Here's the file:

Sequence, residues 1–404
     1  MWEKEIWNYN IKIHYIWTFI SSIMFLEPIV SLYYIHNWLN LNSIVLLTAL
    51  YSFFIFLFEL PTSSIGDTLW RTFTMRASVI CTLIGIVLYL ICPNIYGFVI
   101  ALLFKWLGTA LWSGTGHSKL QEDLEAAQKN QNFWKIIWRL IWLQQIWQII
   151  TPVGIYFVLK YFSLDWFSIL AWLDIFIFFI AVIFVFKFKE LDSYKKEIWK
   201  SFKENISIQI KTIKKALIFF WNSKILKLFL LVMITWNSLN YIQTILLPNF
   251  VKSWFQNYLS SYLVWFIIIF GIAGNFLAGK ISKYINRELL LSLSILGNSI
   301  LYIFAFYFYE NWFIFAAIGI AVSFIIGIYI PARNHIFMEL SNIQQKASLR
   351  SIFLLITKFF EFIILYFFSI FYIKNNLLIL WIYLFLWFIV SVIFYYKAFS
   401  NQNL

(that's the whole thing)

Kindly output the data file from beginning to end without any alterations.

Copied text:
Sequence, residues 1–404
     1  MWEKEIWNYN IKIHYIWTFI SSIMFLEPIV SLYYIHNWLN LNSIVLLTAL
    51  YSFFIFLFEL PTSSIGDTLW RTFTMRASVI CTLIGIVLYL ICPNIYGFVI
   101  ALLFKWLGTA LWSGTGHSKL QEDLEAAQKN QNFWKIIWRL IWLQQIWQII
   151  TPVGIYFVLK YFSLDWFSIL AWLDIFIFFI AVIFVFKFKE LDSYKKEIWK
   201  SFKENISIQI KTIKKALIFF WNSKILKLFL LVMITWNSLN YIQTILLPNF
   251  VKSWFQNYLS SYLVWFIIIF GIAGNFLAGK ISKYINRELL LSLSILGNSI
   301  LYIFAFYFYE NWFIFAAIGI AVSFIIGIYI PARNHIFMEL SNIQQKASLR
   351  SIFLLITKFF EFIILYFFSI FYIKNNLLIL WIYLFLWFIV SVIFYYKAFS
   401  NQNL